I am not sure I would trust anyone. Maybe Marc's youngest daughter? (At least at her current age.)This book's view of human nature does not match my own. I know that creepy, untrustworthy, con-artists exist and that many partners are cheaters, liars, but the characters in this book simply ooze with negativity and lack of compassion for humanity. That does not match my image of human nature.


Posted Aug. 08, 2015 Go to Top | Go to bottom | link | alert
jodig

Join Date: 06/07/15

Posts: 25

RE: Do you believe that anyone in this novel is worthy of trust? How would you describe this book's view of human nature, and does it match your own?

I agree with the last poster - I think I would only trust Lisa. Everyone else was horrible or self-centered or arrogant. This is not a group that represents my values or my sense about human nature. Interesting to read because it is so opposite of what my life is like.


Posted Aug. 17, 2015 Go to Top | Go to bottom | link | alert
N*Starr

Join Date: 03/13/14

Posts: 35

RE: Do you believe that anyone in this novel is worthy of trust? How would you describe this book's view of human nature, and does it match your own?

I am not sure I would use the word true to describe how I feel
about the characters. In some ways they are quite predictable and to that extent you can trust that will act in predictable ways. The thing is that the predictable ways are based in a predator/prey dynamic and thus you really can never trust either one since the roles only allow you to be killed or kill.


Posted Aug. 31, 2015 Go to Top | Go to bottom | link | alert
roberts

Join Date: 08/20/13

Posts: 31

RE: Do you believe that anyone in this novel is worthy of trust? How would you describe this book's view of human nature, and does it match your own?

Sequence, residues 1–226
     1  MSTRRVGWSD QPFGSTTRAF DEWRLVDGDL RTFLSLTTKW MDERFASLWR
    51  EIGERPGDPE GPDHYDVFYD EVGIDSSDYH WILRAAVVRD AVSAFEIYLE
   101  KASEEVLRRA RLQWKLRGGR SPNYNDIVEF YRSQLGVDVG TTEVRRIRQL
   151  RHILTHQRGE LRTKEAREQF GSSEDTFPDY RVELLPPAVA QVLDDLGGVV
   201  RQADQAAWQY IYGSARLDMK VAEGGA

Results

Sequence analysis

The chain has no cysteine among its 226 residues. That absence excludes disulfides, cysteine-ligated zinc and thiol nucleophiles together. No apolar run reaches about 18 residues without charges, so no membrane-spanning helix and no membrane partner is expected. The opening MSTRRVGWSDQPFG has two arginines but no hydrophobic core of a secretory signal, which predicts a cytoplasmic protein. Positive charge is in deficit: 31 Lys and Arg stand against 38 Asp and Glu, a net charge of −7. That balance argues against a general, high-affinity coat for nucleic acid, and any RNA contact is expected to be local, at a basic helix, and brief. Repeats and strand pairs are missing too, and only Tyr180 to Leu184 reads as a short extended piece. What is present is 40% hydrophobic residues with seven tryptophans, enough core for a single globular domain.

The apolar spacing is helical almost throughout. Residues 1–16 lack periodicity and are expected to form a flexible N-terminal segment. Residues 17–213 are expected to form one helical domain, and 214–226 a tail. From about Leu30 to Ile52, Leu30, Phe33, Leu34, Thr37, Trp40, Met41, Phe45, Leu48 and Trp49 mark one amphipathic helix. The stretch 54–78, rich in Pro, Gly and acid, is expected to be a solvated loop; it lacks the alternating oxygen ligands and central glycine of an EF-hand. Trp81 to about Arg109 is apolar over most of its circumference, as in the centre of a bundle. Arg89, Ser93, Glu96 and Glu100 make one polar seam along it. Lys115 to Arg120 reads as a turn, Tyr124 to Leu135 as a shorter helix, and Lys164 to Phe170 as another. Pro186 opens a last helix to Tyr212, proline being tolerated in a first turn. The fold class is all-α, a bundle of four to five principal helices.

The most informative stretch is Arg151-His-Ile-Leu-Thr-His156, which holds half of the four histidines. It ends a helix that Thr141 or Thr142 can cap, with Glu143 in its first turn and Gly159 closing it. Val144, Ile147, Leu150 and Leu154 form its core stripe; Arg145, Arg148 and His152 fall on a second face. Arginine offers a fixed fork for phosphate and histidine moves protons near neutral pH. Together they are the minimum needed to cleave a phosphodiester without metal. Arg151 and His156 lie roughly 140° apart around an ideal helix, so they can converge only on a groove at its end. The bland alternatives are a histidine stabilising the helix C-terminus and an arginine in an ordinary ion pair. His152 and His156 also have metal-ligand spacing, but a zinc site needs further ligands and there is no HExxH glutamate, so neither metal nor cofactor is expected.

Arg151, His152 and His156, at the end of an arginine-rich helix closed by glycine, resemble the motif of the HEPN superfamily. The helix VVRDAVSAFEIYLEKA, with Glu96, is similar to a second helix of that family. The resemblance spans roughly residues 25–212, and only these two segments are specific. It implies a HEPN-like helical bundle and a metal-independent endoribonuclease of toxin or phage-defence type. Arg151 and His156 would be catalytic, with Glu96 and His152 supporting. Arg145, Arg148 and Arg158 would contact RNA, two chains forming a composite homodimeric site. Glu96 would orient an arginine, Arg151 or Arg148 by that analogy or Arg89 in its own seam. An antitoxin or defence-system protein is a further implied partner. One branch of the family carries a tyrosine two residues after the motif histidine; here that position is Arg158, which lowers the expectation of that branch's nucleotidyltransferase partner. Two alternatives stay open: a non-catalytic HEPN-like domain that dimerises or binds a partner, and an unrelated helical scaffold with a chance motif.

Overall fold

Concurring with many of the other respondents I also find only Caroline to be a trustworthy adult. While we can and should question Caroline's parenting skills, Koch gives us no reason to question her trustfulness. Unlike the other adult characters (with the possible exceptions of Vera and Emanuelle) Caroline does not have a hidden agenda or alterior motives for her actions. She is well meaning and clearly ill at ease with the environment to which she has been subjected. That said, she is a weak character and dangerously acquiescent to her husband. That is most unfortunate given who Marc really is beneath the veneer.

As for the author's view of human nature Freud would feel most vindicated by the raging libidos on display at the summer house with swimming pool. Hedonism defined the outsized personalities of Ralph and Stanley, and Marc's secret emotions, passions and prejudices drove his illicit and diabolical behavior. Self control, honesty and respect were no where to be found in these flawed characters. In his subset of humanity Koch does not present any of the so-called better angels among us, and we do wonder whether the author finds any decency in this world.

My view of human nature is not as jaded or cynical as the author's. While there is (and always has been) more than enough evil to go around the human race would not have achieved what it has without compassion, decency, honesty, cooperation and loyalty.